Same as GLOB_NOCHECK but it only returns the pattern if it does not contain any of the special characters "*", "?" or "[". NOMAGIC is provided to simplify implementing the historic csh(1) globbing behaviour and should probably not be used anywhere else.

GLOB_QUOTE

Use the backslash ('\') character for quoting: every occurrence of a backslash followed by a character in the pattern is replaced by that character, avoiding any special interpretation of the character. (But see below for exceptions on DOSISH systems).

GLOB_TILDE

Expand patterns that start with '~' to user name home directories.

GLOB_CSH

For convenience, GLOB_CSH is a synonym for GLOB_BRACE | GLOB_NOMAGIC | GLOB_QUOTE | GLOB_TILDE | GLOB_ALPHASORT.

The POSIX provided GLOB_APPEND, GLOB_DOOFFS, and the FreeBSD extensions GLOB_ALTDIRFUNC, and GLOB_MAGCHAR flags have not been implemented in the Perl version because they involve more complex interaction with the underlying C structures.

The following flag has been added in the Perl implementation for csh compatibility:

GLOB_ALPHASORT

If GLOB_NOSORT is not in effect, sort filenames is alphabetical order (case does not matter) rather than in ASCII order.

DIAGNOSTICS

bsd_glob() returns a list of matching paths, possibly zero length. If an error occurred, &File::Glob::GLOB_ERROR will be non-zero and $! will be set. &File::Glob::GLOB_ERROR is guaranteed to be zero if no error occurred, or one of the following values otherwise:

GLOB_NOSPACE

An attempt to allocate memory failed.

GLOB_ABEND

The glob was stopped because an error was encountered.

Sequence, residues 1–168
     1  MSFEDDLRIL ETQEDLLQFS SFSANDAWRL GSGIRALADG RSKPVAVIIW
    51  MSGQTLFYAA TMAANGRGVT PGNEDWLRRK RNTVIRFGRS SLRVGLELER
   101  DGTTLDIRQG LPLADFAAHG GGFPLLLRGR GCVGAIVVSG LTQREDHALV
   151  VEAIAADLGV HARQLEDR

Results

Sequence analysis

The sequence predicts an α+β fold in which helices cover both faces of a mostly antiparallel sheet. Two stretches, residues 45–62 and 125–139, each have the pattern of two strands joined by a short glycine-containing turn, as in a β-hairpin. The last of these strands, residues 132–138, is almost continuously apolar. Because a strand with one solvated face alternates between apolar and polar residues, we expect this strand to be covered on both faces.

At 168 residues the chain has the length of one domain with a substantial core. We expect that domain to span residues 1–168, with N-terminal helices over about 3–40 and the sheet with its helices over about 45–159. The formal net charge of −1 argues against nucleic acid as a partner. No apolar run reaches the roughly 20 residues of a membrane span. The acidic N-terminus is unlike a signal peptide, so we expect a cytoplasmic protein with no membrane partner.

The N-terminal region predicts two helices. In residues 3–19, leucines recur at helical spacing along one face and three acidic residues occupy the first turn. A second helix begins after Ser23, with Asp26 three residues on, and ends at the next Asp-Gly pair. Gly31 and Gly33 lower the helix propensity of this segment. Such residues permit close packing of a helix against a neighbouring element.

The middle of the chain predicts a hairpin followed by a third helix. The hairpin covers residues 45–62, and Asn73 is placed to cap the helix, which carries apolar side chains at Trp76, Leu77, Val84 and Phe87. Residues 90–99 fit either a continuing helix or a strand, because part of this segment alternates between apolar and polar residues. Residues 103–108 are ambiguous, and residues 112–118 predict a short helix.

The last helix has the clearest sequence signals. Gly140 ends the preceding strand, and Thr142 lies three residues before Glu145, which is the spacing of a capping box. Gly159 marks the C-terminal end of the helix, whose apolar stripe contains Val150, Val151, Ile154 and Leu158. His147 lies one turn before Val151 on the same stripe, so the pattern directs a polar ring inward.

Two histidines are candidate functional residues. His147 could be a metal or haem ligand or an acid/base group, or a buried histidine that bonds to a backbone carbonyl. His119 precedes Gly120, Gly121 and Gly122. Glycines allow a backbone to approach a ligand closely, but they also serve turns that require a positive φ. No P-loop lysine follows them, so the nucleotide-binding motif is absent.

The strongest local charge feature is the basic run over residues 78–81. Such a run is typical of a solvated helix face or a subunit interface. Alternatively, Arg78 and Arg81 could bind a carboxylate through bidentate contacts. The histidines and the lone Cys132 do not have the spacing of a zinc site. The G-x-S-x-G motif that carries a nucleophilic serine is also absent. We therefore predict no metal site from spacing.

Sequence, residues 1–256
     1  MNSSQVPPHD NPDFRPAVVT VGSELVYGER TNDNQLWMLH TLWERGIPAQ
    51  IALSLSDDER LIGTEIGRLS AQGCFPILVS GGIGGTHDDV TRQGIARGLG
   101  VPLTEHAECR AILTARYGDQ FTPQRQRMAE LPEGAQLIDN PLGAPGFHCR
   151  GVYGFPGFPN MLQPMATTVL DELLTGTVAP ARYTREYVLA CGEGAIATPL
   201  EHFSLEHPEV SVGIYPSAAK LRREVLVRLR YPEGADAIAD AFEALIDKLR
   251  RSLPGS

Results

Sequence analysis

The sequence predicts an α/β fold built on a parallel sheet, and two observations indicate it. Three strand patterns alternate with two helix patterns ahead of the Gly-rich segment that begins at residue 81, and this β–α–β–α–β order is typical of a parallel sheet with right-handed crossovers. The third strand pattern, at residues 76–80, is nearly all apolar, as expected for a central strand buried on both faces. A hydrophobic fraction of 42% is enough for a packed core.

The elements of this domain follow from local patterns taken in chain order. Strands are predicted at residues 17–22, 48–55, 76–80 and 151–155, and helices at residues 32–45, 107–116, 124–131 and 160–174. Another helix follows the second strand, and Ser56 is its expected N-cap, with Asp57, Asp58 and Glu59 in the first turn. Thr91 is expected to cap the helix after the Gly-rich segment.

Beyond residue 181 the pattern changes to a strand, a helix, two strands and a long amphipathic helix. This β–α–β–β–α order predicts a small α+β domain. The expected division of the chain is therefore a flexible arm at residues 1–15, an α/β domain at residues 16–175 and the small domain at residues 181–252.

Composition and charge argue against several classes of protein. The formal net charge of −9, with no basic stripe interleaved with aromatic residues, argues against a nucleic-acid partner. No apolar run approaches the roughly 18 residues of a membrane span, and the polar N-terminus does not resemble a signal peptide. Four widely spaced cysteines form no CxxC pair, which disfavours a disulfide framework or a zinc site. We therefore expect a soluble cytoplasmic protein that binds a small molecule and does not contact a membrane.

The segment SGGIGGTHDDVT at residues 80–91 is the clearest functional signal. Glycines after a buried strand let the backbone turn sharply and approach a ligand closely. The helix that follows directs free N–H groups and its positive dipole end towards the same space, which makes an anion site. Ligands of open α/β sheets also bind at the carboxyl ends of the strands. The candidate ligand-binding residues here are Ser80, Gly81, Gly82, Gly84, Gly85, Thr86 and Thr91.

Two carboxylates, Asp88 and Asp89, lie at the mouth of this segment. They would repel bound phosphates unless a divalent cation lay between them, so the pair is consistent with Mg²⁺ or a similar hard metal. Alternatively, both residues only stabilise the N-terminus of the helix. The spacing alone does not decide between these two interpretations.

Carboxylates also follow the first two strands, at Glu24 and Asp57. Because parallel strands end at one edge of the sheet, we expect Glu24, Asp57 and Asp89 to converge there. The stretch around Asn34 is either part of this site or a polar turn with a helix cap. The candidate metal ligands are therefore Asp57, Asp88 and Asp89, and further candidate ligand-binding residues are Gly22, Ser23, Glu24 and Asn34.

In the case where bsd_glob() has found some matching paths, but is interrupted by an error, it will return a list of filenames and set &File::Glob::ERROR.

Note that bsd_glob() deviates from POSIX and FreeBSD glob(3) behaviour by not considering ENOENT and ENOTDIR as errors - bsd_glob() will continue processing despite those errors, unless the GLOB_ERR flag is set.

Be aware that all filenames returned from File::Glob are tainted.

NOTES

  • If you want to use multiple patterns, e.g. bsd_glob("a* b*"), you should probably throw them in a set as in bsd_glob("{a*,b*}"). This is because the argument to bsd_glob() isn't subjected to parsing by the C shell. Remember that you can use a backslash to escape things.

  • On DOSISH systems, backslash is a valid directory separator character. In this case, use of backslash as a quoting character (via GLOB_QUOTE) interferes with the use of backslash as a directory separator. The best (simplest, most portable) solution is to use forward slashes for directory separators, and backslashes for quoting. However, this does not match "normal practice" on these systems. As a concession to user expectation, therefore, backslashes (under GLOB_QUOTE) only quote the glob metacharacters '[', ']', '{', '}', '-', '~', and backslash itself. All other backslashes are passed through unchanged.

  • Win32 users should use the real slash. If you really want to use backslashes, consider using Sarathy's File::DosGlob, which comes with the standard Perl distribution.

  • Mac OS (Classic) users should note a few differences. Since Mac OS is not Unix, when the glob code encounters a tilde glob (e.g. ~user) and the GLOB_TILDE flag is used, it simply returns that pattern without doing any expansion.

    Glob on Mac OS is case-insensitive by default (if you don't use any flags). If you specify any flags at all and still want glob to be case-insensitive, you must include GLOB_NOCASE in the flags.